Who says you need a grill to cook good ribs? The lack of outdoor space for a grill at my apartment led me to pass up a good many recipes for barbecued ribs over the years.
Now I'll be making up for lost time. I do believe I've cracked the code to making perfectly tender and mouth-watering barbecued ribs in the oven.
Perfect Ribs in the Oven: Watch the Video
Why Cooking Ribs in the Oven Works
This is one of those recipes that you almost have to try in order to believe. Rib meat is fairly tough, and it needs a long time to break down and become tender. The oven is actually an ideal environment for this kind of slow and steady cooking. Lifting the ribs above the baking sheet on a rack also lets the heat circulate on all sides. After a few hours, the meat is nearly falling off the bone and you'll be licking your fingers in no time.
Best Glazes and Rubs
Go ahead and adapt this oven-roasting technique to any recipe for barbecued ribs that you take a fancy to. I love them simply brushed with mustard and sprinkled with a favorite spice rub. When I'm feeling fancy, I'll make my own barbecue sauce and brush that on in the last half hour of cooking.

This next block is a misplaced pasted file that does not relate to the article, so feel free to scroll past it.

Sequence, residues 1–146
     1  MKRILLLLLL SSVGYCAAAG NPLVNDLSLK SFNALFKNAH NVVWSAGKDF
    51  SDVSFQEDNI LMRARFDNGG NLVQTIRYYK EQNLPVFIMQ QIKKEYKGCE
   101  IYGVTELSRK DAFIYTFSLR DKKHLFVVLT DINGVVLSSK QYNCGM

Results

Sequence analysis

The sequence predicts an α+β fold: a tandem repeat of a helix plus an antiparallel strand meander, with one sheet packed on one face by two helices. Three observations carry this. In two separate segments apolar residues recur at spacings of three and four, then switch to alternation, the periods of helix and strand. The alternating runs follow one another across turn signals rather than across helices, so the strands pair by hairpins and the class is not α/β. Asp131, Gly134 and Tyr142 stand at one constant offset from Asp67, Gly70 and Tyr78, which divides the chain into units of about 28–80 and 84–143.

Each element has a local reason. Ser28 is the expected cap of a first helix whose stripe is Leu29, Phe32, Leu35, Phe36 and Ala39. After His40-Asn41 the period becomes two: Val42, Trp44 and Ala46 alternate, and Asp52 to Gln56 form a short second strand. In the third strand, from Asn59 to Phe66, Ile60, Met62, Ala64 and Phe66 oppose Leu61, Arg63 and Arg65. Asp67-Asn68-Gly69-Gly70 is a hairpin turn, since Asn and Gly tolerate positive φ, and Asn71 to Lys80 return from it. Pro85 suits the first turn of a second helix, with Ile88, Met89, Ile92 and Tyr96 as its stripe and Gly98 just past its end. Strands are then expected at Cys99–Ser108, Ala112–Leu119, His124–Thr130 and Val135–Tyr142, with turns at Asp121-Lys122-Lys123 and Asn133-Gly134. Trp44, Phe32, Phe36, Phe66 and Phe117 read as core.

One thing that you don't get with this method is the smoky barbecue flavor. Sad, but true. To capture a bit of that delicious flavor, add some extra smoked paprika to your spice rub or mix some liquid smoke into the mustard before brushing it on.
Clouded by the smoke of mystery and lore, it is no wonder barbecue ribs seem so intimidating. So while fiddling with a smoker might make for an interesting weekend project, the oven and a few hours time are all you really need to serve ribs for supper.
- On the liquid smoke: Do not be put off by the idea of adding liquid smoke; despite sounding completely artificial, it is a natural ingredient made from the smoke of burning hardwood. I like a mild smoke flavor, so I added just 1 teaspoon.
- Knowing when they're done: It seems that we've all been fed the line that ribs are not done until they fall off the bone, when really, if these ribs reach that point they are overcooked. Cook until a knife slides easily into the meat.
— Patty, May 2018
This post was originally published July 2012.